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sábado, 26 de junio de 2010

Papers y Enlaces

 

Pedace, Roberto and Smith, Janet Kiholm, Loss Aversion and Managerial Decisions: Evidence from Major League Baseball (June 19, 2010). Claremont McKenna College Robert Day School of Economics and Finance Research Paper

Previous research indicates that management changes are important events for organizations, partly because they lead to reversals of poor prior decisions. However, an unanswered question is why replacing the manager seems to be necessary for reversing poor decisions. One explanation is that managers are averse to admitting mistakes (loss aversion). We test this hypothesis with a research design that mitigates many of the measurement problems associated with investment decisions in traditional corporate settings. Our sample consists of 15,881 player-year observations for MLB players. We study the annual decisions to retain or divest players and find that new managers, compared to continuing managers, are more likely to divest players and, especially low-performing players. The pattern of decisions suggests that the acquiring manager’s aversion to loss recognition creates a need for new managers to reverse the mistakes of their immediate predecessors. The findings suggest that loss aversion plays a significant role in managerial decisions and in managerial turnover
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Un chimpancé curioso (vía Kedrosky)

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Las comisiones y los costes ocultos

     A private-banking client with $10 million invested, for example, who earns annual returns of 7 percent a year and pays 2.3 percent in fees, will hand $3.4 million to his bankers over the course of a decade...


With fees of 0.9 percent, that client would pay $1.3 million. “If you can do it on your own, go ahead,” says Hinder, who takes 38 percent of the client’s first-year savings. In one case, Hinder negotiated on a client’s behalf and managed to reduce the fees on a 45 million Swiss franc ($40 million) portfolio to 0.8 percent annually from 2.1 percent by eliminating all but “plain vanilla” investments, he says. Hinder says clients need to understand that they won’t be able to invest in hedge and private-equity funds without paying higher fees…. MyPrivateBanking.com’s Binder advises investors to treat bankers as they would attorneys, paying them by the hour for research and investment proposals, with a commitment that they will rebate any kickbacks they receive from fund providers to ensure that there are no conflicts of interest.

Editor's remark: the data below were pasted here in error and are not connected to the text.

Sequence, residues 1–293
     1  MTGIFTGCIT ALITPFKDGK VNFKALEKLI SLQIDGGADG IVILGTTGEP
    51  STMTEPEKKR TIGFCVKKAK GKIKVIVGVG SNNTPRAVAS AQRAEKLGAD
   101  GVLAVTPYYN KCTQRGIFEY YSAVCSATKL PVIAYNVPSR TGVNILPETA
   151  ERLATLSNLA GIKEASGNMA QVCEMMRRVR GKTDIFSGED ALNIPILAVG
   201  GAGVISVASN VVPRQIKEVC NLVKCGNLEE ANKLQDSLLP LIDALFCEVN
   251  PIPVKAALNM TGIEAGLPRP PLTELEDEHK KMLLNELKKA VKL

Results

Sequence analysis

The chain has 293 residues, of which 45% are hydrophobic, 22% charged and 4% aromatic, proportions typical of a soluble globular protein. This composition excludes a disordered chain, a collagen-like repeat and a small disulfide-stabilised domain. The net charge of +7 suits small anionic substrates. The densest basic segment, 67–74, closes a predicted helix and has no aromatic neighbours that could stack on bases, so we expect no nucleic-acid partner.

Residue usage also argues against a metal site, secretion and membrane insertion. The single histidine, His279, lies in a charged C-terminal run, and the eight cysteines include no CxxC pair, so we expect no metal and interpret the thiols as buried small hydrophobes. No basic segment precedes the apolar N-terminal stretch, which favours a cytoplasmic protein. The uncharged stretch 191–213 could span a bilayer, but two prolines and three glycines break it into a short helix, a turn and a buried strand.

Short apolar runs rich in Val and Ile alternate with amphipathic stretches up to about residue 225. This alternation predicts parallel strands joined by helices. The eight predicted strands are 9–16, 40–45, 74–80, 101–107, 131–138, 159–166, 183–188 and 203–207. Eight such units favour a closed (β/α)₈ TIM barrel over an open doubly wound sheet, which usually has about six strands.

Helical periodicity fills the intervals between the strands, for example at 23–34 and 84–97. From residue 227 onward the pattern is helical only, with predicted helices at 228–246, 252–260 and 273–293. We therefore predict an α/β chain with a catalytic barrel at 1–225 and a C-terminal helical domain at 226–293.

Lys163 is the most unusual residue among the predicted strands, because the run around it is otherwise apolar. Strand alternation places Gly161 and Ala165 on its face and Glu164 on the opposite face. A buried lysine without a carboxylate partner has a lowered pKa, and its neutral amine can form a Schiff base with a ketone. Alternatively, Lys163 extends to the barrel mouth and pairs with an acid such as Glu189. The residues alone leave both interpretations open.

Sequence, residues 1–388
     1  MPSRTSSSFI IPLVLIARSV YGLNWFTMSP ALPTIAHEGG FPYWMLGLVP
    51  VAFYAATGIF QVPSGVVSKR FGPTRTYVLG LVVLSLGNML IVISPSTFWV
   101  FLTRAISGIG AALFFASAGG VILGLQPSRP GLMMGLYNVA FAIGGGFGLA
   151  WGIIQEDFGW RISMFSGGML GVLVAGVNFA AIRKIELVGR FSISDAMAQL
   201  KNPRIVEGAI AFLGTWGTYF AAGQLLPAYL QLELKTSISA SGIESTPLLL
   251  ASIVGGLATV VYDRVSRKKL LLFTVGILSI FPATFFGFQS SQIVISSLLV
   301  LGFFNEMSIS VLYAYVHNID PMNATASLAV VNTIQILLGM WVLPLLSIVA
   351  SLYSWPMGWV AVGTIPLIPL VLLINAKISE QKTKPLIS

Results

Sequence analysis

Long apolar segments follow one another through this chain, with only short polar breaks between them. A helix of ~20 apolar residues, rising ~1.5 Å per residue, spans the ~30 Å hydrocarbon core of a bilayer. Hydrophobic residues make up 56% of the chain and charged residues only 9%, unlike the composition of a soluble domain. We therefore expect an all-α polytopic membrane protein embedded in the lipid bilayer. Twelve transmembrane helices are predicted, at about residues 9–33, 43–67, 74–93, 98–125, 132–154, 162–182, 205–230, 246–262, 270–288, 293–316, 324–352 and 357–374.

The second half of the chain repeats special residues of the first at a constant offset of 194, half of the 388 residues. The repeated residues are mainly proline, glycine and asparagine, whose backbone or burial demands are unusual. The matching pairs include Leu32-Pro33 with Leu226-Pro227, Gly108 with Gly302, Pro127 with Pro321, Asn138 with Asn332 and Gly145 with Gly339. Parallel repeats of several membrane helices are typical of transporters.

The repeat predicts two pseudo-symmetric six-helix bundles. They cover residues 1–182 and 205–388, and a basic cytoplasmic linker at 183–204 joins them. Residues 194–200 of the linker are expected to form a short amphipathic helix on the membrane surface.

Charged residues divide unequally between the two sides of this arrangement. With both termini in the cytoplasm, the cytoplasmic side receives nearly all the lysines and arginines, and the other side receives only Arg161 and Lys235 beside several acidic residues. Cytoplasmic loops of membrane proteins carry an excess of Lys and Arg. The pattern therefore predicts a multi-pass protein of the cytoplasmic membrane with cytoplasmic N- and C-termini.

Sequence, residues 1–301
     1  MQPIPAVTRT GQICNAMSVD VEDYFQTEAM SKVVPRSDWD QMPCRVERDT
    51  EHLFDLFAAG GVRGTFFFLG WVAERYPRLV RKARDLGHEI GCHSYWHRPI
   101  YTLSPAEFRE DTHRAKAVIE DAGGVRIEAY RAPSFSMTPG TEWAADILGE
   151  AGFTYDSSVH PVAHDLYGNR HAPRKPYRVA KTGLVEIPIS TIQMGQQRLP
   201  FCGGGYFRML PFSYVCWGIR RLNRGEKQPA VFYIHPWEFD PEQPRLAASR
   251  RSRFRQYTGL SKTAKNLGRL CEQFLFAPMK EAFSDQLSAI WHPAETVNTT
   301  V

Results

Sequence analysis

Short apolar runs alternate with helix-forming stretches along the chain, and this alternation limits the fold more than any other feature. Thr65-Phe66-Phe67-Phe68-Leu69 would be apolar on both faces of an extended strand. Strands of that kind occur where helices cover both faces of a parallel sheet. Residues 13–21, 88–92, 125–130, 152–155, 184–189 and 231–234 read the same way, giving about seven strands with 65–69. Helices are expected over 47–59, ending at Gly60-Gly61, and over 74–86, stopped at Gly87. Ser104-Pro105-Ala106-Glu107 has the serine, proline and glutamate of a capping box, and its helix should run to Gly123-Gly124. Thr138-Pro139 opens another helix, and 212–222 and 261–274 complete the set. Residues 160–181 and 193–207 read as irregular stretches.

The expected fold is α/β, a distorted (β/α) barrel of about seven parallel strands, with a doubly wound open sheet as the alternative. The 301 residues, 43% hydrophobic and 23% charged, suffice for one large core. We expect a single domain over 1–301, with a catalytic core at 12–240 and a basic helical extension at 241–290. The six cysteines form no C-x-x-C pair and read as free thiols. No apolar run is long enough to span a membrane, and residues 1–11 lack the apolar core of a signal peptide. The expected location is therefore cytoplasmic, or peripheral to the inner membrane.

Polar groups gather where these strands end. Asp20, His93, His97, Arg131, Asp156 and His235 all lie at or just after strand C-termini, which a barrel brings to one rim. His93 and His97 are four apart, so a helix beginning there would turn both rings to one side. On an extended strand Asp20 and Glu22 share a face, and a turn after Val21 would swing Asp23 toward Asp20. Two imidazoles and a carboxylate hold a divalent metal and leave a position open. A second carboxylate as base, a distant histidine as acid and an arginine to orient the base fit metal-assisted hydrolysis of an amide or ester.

El cerebro a los 45 según el New York Times: PEOR EN VELOCIDAD DE PROCESAMIENTO Y MEJOR EN RAZONAMIENTO INDUCTIVO Y RESOLUCIÓN DE PROBLEMAS (PONDERACIÓN DE LOS PROBLEMAS). el ejercicio es bueno también para el cerebro

            Obviously, there are issues with short-term memory. There are declines in processing speed and in neurotransmitters, the chemicals in our brain. But as it turns out, modern middle age is from 40 to 65. During this long time in the middle, if we’re relatively healthy our brains may have a few issues, but on balance they’re better than ever during that period.
Inductive reasoning and problem solving — the logical use of your brain and actually getting to solutions. We get the gist of an argument better. We’re better at sizing up a situation and reaching a creative solution. They found social expertise peaks in middle age. That’s basically sorting out the world: are you a good guy or a bad guy? Harvard has studied how people make financial judgments. It peaks, and we get the best at it in middle age…We used to think we lost 30 percent of our brain cells as we age. But that’s not true. We keep them… Exercise is the best studied thing you can do to your brain. It increases brain volume, produces new baby brain cells in grownup brains. Even when our muscles contract, it produces growth chemicals.

 

Por qué los bancos no prestan según Rajan y Diamond

One possibility is that they worry about borrowers’ credit risk, though this would have to be extremely high to justify the complete cessation of long-term lending. A second possibility is that banks worry about having enough resources to meet their own creditors’ demands if they lock up funds in long-term loans. But the many central bank lending facilities that have been opened around the world should assuage these concerns, especially for large and well-capitalized banks. On the other hand, perhaps banks’ reluctance to lend reflects a fear of being short of funds if investment opportunities get even better. Citicorp CEO Vikram Pandit said as much when he indicated that it was cheaper to buy loans on the market than to make them. And buying may get cheaper still! Consider, for example, the real possibility that a large indebted financial institution faces a run on its deposits, as Lehman did, and starts dumping loans onto the market. Not only will those loans’ price fall if only a few entities have the spare funds to buy them, but other distressed entities’ scramble to borrow also will make it hard for any institution without funds to obtain them. Anticipating the prospect of such future fire sales (of loans, financial assets, or institutions), it is understandable that even strong banks will restrict their lending to very short maturities, and their investments to extremely liquid securities.
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SHILLER Y OTROS PROPONEN UN PROSPECTO PARA LOS PRODUCTOS FINANCIEROS

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